QuoteI would never try to use 5 volt gate drive for a standard power mosfet.That will depend on the current you are trying to switch, among others.
I would never try to use 5 volt gate drive for a standard power mosfet.
I want to be able to force it on as fully as possible (minimum Ron) to make the device dissapation (heat) as small as possible.
But it doesn't mean you will always need to drive the switching device to the maximum allowable Vbe or Vgs
Yes it does if you want to do a proper design and minimise component heating.
QuoteYes it does if you want to do a proper design and minimise component heating.Why do you always want to minimize component heating?
Arduino digital pin 2, ground, 5V pins are connected to this mosfet module : http://tinkerkit.com/en/Modules/T010020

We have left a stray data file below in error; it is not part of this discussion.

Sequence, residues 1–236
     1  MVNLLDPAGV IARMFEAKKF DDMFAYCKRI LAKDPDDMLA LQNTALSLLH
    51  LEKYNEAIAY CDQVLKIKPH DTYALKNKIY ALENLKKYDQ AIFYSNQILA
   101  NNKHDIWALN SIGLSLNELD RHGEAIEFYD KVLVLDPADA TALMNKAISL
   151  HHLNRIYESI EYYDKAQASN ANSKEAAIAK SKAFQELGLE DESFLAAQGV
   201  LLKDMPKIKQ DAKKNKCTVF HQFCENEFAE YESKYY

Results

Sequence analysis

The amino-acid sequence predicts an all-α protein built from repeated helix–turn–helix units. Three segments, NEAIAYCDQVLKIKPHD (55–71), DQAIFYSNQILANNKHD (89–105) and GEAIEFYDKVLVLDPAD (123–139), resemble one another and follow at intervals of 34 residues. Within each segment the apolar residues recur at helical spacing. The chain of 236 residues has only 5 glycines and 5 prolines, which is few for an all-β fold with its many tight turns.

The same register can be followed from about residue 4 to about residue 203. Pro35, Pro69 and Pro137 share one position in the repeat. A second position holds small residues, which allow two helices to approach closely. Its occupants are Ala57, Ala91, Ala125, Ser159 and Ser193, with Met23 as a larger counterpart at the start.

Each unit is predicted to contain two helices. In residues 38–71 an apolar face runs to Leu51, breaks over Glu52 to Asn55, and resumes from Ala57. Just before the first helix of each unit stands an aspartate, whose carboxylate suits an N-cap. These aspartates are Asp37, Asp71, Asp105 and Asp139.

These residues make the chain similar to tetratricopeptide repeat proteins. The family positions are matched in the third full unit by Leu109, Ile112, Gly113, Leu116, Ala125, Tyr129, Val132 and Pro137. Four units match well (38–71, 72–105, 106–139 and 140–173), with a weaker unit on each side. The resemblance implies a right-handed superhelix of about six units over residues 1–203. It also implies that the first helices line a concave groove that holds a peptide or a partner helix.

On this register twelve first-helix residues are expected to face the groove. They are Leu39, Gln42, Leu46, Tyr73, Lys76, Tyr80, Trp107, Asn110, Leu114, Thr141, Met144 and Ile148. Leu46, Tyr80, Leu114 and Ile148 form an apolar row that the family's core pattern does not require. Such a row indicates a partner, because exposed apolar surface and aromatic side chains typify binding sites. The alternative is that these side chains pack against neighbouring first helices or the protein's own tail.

Module Description: This module features an IRF520 power MOSFET transistor, a kick-back diode, a standard TinkerKit 3pin connector,a signal amplifier, a green LED that signals that the module is correctly powered and one yellow LED whose brightness depends on the input signal received by the module.
Most times, "amplifier" is an analog concept
you are simply switching too much current in this case
Did you measure Vgs while the mosfet was on?add: that is the voltage from the gate pin to the source pin (ground) on the mosfet.
I presume the voltages you posted were supply voltage and voltage across the load. I can get the Vds from those.14.8 - 14.3 = 0.5vThat is much higher than it should be at full on. That will generate some heat, even at 5 amps.
The circuit works, the problem is that the mosfet it's overheating.What do you think it's the problem? I think it could be the fact that im using 15 v instead or 12 v, or maybe could be an inrush of current in switching on the load ?